Cultural and Material Ramifications of Crafting in 2021
The fact that at-home crafting has seen such a massive surge in popularity during the pandemic makes sense: being stuck at home with nothing to do has logically influenced many people to pick up a hobby. Thus this trend seems positive, especially in comparison with some other side effects of boredom. However, as with many seemingly innocuous knowledge technologies, this first impression does not tell the full story.
This project, completed for SISP350 Sociology of Knowledge, intends to examine how the trend of crating interacts with knowledge creation and existing power structures. I'd like to argue that the crafting trend, which on the surface might seem to be a reclamation of “women’s work” or a radical anti-consumerist statement, in reality works to reaffirm the hegemonic structure of society through its proliferation on media platforms and the fact that it is accessible only to the already-rich. These are my contentions:
Although the choice to make one’s own clothing rather than purchase it from clothing retailers may seem anti-consumerist in essence, people with the capacity to craft during the pandemic were not doing so as active protest against capitalism, often supplementing crafting with online purchases.
Only those who had the privilege to be stuck inside during the pandemic were capable of learning a craft; and only those who can afford to do so keep the crafts they make. Therefore pandemic crafting was limited to people belonging to the upper echelon of wealth.
Massive capitalist social media platforms such as TikTok and YouTube have played an important role in the rise and proliferation of modern-day crafting. If we consider followers and influence as a modern form of capital, all it requires is a quick scroll through TikTok to realize that the people profiting off this trend are young, skinny, majority-white, and female. For that reason, fashion trends within the crafting world are created by the people who already hold power in the outside world.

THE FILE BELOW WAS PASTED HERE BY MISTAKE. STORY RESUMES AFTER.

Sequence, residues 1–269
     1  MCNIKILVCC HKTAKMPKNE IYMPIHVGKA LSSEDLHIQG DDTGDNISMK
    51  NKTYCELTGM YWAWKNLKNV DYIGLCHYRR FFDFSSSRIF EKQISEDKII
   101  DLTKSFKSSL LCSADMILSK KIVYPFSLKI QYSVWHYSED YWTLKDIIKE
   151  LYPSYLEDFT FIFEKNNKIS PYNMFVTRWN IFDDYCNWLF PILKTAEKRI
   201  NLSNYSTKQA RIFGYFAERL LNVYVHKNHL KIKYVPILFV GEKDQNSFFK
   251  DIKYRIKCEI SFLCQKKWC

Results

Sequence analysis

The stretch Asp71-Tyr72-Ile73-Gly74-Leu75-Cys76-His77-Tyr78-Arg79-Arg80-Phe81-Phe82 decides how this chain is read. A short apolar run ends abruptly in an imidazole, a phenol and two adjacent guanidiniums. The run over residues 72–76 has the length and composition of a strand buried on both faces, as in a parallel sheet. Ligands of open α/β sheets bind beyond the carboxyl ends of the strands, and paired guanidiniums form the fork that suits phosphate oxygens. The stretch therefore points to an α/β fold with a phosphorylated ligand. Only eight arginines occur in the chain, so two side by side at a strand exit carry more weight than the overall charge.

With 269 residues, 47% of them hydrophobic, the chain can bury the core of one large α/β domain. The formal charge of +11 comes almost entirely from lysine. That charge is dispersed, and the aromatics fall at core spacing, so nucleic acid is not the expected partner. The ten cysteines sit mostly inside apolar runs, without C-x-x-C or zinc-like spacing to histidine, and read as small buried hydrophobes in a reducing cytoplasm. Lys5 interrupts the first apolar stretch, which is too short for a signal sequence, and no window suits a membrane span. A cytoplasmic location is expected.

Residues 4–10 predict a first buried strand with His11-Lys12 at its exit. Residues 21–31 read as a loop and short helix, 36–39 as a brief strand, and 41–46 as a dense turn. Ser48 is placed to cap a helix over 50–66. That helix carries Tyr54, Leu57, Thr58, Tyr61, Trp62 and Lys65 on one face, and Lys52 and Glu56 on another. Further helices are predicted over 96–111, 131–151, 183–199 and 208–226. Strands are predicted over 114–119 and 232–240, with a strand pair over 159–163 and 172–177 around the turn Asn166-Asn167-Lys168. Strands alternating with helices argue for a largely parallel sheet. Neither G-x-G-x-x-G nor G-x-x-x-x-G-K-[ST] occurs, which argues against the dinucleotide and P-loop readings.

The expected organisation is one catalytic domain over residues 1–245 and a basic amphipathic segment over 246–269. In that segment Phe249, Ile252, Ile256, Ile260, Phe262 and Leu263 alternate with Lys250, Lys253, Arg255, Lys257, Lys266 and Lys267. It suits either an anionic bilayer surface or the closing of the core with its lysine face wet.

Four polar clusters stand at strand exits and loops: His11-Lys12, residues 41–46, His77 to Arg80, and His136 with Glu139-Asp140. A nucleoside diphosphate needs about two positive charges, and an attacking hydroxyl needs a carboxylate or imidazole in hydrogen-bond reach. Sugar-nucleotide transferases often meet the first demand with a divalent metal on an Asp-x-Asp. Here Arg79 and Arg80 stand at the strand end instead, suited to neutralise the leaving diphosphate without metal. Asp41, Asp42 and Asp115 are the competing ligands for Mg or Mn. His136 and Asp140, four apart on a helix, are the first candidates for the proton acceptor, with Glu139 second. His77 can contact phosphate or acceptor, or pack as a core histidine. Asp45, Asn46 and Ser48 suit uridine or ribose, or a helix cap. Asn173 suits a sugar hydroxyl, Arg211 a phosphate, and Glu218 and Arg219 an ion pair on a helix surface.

Ultimately, then, there is very little about the crafting trend that is truly subversive of existing structures of power. However, just because this trend is not actively subversive does not mean that the act of crafting itself is entirely lacking in subversive potential. For that reason, I’ve created this piece of digital scholarship that offers a how-to guide for sewing, featuring personal photography of my process sewing a dress, and a comparison between buying a dress at a store and creating my own—investigating the costs, the materials, the environmental ramifications, and of course, the people involved. This project will fulfill my desire to make the knowledge technology of sewing more widely accessible, while also paying active attention to the radical potential contained within the trend of crafting.
Max Horkheimer and Theodor W. Adorno. "The culture industry: Enlightenment as Mass deception,” pp. 94–136 in Gunzelin Schmid Noerr (ed.), Dialectic of Enlightenment: Philosophical Fragments, Translated by Edmund Jephcott. Stanford University Press, 2002.
Alessandra Mezzadri. “Introduction,” pp. 1-15 in The Sweatshop Regime: Labouring Bodies, Exploitation, and Garments Made in India. Cambridge University Press, 2016.
Chandra Mohanty. “Under Western Eyes: Feminist Scholarship and Colonial Discourses,” pp. 17-42 in Feminism Without Borders: Decolonizing Theory, Practicing Solidarity. Duke University Press, 2003.